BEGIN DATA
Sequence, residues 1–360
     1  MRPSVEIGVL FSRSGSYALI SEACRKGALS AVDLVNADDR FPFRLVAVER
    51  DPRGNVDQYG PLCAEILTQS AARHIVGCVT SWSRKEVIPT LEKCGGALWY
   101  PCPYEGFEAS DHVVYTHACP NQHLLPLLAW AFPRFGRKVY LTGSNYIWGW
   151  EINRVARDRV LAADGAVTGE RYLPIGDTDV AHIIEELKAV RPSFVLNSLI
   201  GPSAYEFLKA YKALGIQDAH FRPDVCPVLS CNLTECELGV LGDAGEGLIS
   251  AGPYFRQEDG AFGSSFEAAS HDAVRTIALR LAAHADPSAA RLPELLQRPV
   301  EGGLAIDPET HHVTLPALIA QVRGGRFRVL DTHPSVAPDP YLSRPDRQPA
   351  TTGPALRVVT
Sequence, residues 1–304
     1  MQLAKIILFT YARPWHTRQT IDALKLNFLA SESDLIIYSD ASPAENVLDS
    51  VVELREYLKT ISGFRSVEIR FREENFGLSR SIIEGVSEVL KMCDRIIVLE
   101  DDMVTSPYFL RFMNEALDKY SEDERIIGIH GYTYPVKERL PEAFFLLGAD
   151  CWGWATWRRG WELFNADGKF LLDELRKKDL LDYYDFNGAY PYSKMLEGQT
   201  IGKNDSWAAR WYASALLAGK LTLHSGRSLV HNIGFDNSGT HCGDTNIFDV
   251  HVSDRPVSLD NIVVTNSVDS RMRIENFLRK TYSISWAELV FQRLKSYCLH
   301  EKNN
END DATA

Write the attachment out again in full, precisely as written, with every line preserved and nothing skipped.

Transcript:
Sequence, residues 1–360
     1  MRPSVEIGVL FSRSGSYALI SEACRKGALS AVDLVNADDR FPFRLVAVER
    51  DPRGNVDQYG PLCAEILTQS AARHIVGCVT SWSRKEVIPT LEKCGGALWY
   101  PCPYEGFEAS DHVVYTHACP NQHLLPLLAW AFPRFGRKVY LTGSNYIWGW
   151  EINRVARDRV LAADGAVTGE RYLPIGDTDV AHIIEELKAV RPSFVLNSLI
   201  GPSAYEFLKA YKALGIQDAH FRPDVCPVLS CNLTECELGV LGDAGEGLIS
   251  AGPYFRQEDG AFGSSFEAAS HDAVRTIALR LAAHADPSAA RLPELLQRPV
   301  EGGLAIDPET HHVTLPALIA QVRGGRFRVL DTHPSVAPDP YLSRPDRQPA
   351  TTGPALRVVT
Sequence, residues 1–304
     1  MQLAKIILFT YARPWHTRQT IDALKLNFLA SESDLIIYSD ASPAENVLDS
    51  VVELREYLKT ISGFRSVEIR FREENFGLSR SIIEGVSEVL KMCDRIIVLE
   101  DDMVTSPYFL RFMNEALDKY SEDERIIGIH GYTYPVKERL PEAFFLLGAD
   151  CWGWATWRRG WELFNADGKF LLDELRKKDL LDYYDFNGAY PYSKMLEGQT
   201  IGKNDSWAAR WYASALLAGK LTLHSGRSLV HNIGFDNSGT HCGDTNIFDV
   251  HVSDRPVSLD NIVVTNSVDS RMRIENFLRK TYSISWAELV FQRLKSYCLH
   301  EKNN